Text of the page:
T Minus Two Type Two Diabetes and Other Passions

10Jan/135

Two Ears, One Mouth

You may have run into a proverb to the effect that the good Lord gave us two ears and one mouth for a reason. I'm not sure that the saying is good theology OR good biology, but the point of listening being more important than talking is sound.

I enjoy using the social network called Twitter. If you're not familiar with it, one aspect is that you 'follow' someone you want to connect with so that you see their contributions without specifically searching for them. People trying to gain followers as rapidly as possible frequently follow other mostly in hope of a follow in return. When I get notification that my account has a new follower, I take a quick look at their profile, which contains a brief statement of what they're about, to see if I want to follow their account as well.

Because I am a diabetes blogger, many of my followers also have some connection. It often happens that the profile of a new follower says something about wanting to 'help' diabetics. This has always bugged me without my knowing why, and I usually choose not to follow that account back.

I had that happen the other day, and this time it bothered me enough to make me really think about it. Doing so, I realized that such people are not seeking to be my friend; they're seeking to be my guru or my teacher.

Part of my resentment doubtless comes from the nature of health information these days - the number of people who claim to be experts VASTLY outnumbers the people who ARE experts. And, plenty of the people who claim to be experts are hoping to get wealthy from my money. So, a wise person is a little bit wary.

But, there's more than that. To me, the person who 'leads with their mouth' doesn't fit with the nature of social media and the Diabetes Online Community in particular. Very few diabetes have the presentation of factual information as a primary purpose. Instead we talk about our lives and what we think about things in hope that readers will find connection with our experiences or identification with our opinions. On Twitter, we're all pretty much a community of more or less equals. Sure, some people enjoy strong reputations, and some folks really are able to provide valuable on this or that, and there can alas be some cliquishness (though I haven't seen that myself), but it's sure not a few sages dispensing wisdom to the rest of us.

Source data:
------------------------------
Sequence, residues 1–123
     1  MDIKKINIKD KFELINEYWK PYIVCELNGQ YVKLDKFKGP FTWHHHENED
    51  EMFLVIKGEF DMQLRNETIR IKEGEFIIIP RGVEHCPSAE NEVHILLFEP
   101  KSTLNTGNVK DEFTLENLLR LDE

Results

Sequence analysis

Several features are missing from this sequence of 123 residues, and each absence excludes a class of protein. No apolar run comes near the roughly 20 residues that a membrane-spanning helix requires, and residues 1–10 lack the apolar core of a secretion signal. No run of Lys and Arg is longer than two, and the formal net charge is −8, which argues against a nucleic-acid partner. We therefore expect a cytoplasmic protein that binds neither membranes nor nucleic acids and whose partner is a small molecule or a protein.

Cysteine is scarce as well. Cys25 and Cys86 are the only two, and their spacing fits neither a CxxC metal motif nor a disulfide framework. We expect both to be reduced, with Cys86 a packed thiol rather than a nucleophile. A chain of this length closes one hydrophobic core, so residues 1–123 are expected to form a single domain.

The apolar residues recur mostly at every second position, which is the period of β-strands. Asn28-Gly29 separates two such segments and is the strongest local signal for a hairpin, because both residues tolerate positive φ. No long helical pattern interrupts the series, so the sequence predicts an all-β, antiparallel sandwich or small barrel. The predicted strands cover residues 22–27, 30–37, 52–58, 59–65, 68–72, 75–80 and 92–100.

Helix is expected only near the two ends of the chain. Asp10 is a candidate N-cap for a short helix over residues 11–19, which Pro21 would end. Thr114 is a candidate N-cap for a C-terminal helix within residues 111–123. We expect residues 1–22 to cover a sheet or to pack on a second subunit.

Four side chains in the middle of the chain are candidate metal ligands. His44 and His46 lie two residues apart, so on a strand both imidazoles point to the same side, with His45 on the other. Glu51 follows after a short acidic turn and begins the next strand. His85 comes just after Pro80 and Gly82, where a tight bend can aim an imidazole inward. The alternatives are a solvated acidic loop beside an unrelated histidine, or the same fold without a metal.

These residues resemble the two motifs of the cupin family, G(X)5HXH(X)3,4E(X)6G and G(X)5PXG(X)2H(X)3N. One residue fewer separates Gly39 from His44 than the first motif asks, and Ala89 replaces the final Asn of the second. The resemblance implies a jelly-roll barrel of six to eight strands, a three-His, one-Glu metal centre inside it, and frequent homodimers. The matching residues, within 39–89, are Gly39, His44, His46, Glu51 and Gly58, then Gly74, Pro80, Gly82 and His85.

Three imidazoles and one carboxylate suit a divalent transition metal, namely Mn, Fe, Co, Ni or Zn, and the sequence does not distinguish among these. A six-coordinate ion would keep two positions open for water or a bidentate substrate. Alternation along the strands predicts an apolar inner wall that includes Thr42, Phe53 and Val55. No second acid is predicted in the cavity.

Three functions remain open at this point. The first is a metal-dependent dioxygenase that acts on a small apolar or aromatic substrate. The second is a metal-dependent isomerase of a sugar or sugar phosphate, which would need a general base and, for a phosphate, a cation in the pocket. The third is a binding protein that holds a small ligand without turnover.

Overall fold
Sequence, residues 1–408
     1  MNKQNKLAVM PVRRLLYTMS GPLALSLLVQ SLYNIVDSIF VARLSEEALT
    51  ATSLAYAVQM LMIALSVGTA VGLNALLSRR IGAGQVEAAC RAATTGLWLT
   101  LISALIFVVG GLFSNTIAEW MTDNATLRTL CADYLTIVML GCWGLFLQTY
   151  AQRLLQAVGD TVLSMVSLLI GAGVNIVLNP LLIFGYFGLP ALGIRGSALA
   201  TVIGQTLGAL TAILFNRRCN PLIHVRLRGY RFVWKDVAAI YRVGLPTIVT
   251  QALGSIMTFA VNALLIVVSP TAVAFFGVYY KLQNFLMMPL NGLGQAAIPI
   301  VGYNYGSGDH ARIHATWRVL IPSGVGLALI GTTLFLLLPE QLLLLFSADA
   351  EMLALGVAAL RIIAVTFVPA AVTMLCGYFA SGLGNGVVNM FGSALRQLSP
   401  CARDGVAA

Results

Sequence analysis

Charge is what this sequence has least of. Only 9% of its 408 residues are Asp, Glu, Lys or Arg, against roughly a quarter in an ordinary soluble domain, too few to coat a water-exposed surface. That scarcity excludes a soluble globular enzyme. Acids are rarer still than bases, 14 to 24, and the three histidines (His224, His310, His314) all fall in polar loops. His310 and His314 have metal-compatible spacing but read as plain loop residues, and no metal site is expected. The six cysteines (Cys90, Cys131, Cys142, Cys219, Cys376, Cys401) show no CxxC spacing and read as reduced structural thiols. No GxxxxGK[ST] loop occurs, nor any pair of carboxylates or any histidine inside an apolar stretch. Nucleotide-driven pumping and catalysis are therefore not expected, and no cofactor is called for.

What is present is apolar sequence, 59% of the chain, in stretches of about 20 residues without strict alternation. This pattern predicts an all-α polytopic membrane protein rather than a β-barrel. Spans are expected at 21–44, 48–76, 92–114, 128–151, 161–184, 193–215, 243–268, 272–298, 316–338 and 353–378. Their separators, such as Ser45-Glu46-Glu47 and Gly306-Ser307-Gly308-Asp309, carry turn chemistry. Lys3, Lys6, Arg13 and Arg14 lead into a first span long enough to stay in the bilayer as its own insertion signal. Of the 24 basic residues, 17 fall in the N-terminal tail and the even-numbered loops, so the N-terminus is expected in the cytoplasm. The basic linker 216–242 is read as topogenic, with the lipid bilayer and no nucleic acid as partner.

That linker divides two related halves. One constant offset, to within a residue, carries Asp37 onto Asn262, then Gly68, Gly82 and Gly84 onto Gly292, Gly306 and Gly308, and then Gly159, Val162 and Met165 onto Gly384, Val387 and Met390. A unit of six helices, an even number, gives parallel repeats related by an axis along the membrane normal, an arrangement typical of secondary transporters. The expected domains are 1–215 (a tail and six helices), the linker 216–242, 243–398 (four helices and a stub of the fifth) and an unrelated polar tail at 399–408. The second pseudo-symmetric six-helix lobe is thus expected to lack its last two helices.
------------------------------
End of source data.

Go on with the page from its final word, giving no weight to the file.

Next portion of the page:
I have no doubt that I'm being unfair to many whose Twitter profiles express a desire to help - they can't all be selling herbs or diet secrets. Still, if you want to be my friend, don't start by telling me that you're my better.

Two ears, one mouth.

Comments (5) Trackbacks (0)
  1. I feel ya Bob. I too look at the profiles of those that follow me. Chances are if they have something that almost seems like a sales pitch in their profile I will ignore it, although sometimes I will click the view full profile link and read tweets they have shared. If most of the tweets are them talking with very little interaction with those they claim to want to help it is a definite no. If their tweets are pro-one sided (all paleo diet for instance) thats a no too. Now I mind sound like Grumpy cat here but I love the DOC and I love interacting with people. I also love learning and much of my learning is through interacting not reading sales pitches for vitamins or diets. Im with you on this one.
    There is another that I think about too – when someone follows me but has their twitter set to private with very little profile information available. When this happens I often block them. I find it creepy that someone would follow me, not explain who they are or offer a hint of who they are in their profile. For me it has never been about getting the most followers – its about connections and I don’t want my twitter feed cluttered with advertisements – I think thats fair. Thanks for brining it up.

  2. Love this, Bob.

    Sometimes it’s SO hard to know what they’re up to. Other times it’s SO easy to see what they’re up to. :-)

  3. A very interesting, thought-provoking post. Thanks. And now I have to check out my Twitter profile for a possible rewrite…

  4. What a great post, Bob. I completely agree with this. For me, it’s about the person and their story and not what they claim to be able to do for me (or other PWDs). Like you, when I see those profiles My mind goes to “snake oil salesman” first… But true, it can’t be them all. It’s tough with so many DOCers and everyone and their brother and sister jumping onto social media… Can be mind-numbingly too much at times.


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